The point is, using BIM to manage information and/or data exchange is very different from creating a coordination (or asset) model. For me the most important step in the BIM process is to understand your Employer Information Requirements (EIRs). For a lot of landscape companies these requirements tend to come from the Architect as our client. Architects generally want to produce a landscape model that they can coordinate with their building design. The obvious choice is a Revit model but, depending on what the architect uses, it could be another preferred software platform.
Working with architects on a Revit model was my first introduction into BIM. So initially it was not the main client asking for the landscape to be included into the BIM process but the architects. As the UK Government has mandated for everyone in the industry, including landscape, to be BIM Level 2 compliant, clear goals are now in place to clarify the processes and standards that need to be practiced to become BIM Level 2 compliant.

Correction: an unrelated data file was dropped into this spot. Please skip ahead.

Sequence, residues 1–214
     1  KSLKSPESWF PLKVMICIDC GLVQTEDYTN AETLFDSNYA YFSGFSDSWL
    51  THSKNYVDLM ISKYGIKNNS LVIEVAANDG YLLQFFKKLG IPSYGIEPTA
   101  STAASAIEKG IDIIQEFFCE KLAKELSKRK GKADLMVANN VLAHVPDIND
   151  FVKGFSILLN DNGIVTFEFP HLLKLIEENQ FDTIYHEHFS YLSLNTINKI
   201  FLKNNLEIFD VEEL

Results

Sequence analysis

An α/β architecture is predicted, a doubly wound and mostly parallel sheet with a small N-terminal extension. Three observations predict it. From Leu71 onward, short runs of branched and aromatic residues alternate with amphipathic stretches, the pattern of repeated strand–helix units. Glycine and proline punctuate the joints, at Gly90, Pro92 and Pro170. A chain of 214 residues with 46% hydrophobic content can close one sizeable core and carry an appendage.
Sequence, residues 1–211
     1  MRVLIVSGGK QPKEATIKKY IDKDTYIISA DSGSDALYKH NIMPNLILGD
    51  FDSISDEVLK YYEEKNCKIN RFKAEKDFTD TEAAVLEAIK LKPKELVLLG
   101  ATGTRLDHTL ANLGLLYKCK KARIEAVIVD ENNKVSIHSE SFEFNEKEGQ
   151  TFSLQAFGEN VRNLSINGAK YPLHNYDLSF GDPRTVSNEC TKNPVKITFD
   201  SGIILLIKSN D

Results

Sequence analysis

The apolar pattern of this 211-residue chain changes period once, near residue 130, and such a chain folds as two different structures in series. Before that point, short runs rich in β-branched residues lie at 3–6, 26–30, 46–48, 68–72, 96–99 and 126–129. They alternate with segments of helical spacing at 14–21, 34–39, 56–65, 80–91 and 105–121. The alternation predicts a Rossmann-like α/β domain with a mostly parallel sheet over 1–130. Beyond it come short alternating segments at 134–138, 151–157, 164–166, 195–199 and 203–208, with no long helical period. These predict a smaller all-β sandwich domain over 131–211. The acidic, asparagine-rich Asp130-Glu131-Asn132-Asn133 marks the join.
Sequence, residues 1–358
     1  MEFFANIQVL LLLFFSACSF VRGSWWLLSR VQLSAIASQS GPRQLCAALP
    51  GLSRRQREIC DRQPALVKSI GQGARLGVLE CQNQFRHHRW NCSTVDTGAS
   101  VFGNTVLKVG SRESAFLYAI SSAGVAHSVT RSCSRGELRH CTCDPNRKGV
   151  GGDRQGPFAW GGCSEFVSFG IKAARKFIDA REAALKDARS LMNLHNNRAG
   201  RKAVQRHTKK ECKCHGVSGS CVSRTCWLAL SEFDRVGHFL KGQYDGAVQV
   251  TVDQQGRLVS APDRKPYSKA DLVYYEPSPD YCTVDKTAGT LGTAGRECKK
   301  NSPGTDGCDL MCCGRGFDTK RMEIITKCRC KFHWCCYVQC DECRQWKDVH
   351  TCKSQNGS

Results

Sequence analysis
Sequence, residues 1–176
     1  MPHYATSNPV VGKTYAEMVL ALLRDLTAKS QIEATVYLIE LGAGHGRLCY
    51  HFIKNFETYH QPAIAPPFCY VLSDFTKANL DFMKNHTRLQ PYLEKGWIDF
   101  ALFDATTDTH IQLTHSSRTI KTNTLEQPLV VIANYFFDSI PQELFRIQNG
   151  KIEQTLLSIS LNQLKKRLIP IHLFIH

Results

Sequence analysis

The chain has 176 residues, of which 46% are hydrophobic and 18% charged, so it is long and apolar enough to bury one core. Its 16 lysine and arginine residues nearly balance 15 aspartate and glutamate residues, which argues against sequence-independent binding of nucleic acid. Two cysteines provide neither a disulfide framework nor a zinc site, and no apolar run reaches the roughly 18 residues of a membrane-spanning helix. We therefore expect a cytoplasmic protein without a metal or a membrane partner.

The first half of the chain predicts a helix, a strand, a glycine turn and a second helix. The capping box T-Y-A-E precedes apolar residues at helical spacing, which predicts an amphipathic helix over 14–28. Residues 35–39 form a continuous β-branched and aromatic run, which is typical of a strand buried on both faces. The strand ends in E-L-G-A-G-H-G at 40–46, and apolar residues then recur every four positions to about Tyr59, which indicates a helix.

In order to be compliant, it is essential to understand that BIM is not just Building Information Management or Building Information Modelling, it is both. The management process requires a 3D information model to work. This model helps you achieve your Employer’s Information Requirements by constraining the standards and processes involved, and facilitating collaboration. This results in a streamlined design process that renders highly accurate information to the specific level of detail required.
If you have read any of my previous articles you will know I am pro Revit. This is because of its capability for creating a model that automatically outputs scheduling, costing, materials, and phasing information. Furthermore, as most architects use Revit, we are able avoid collaboration issues, or the inefficiencies of bringing in third party software to unify the information. However, I have had to develop workarounds and processes to overcome its shortcomings. For instance, Revit does not easily understand planting, but this can be supplemented by adding another piece of software (such as Keyscape or Land FX), which works fluidly with Revit to produce the information required.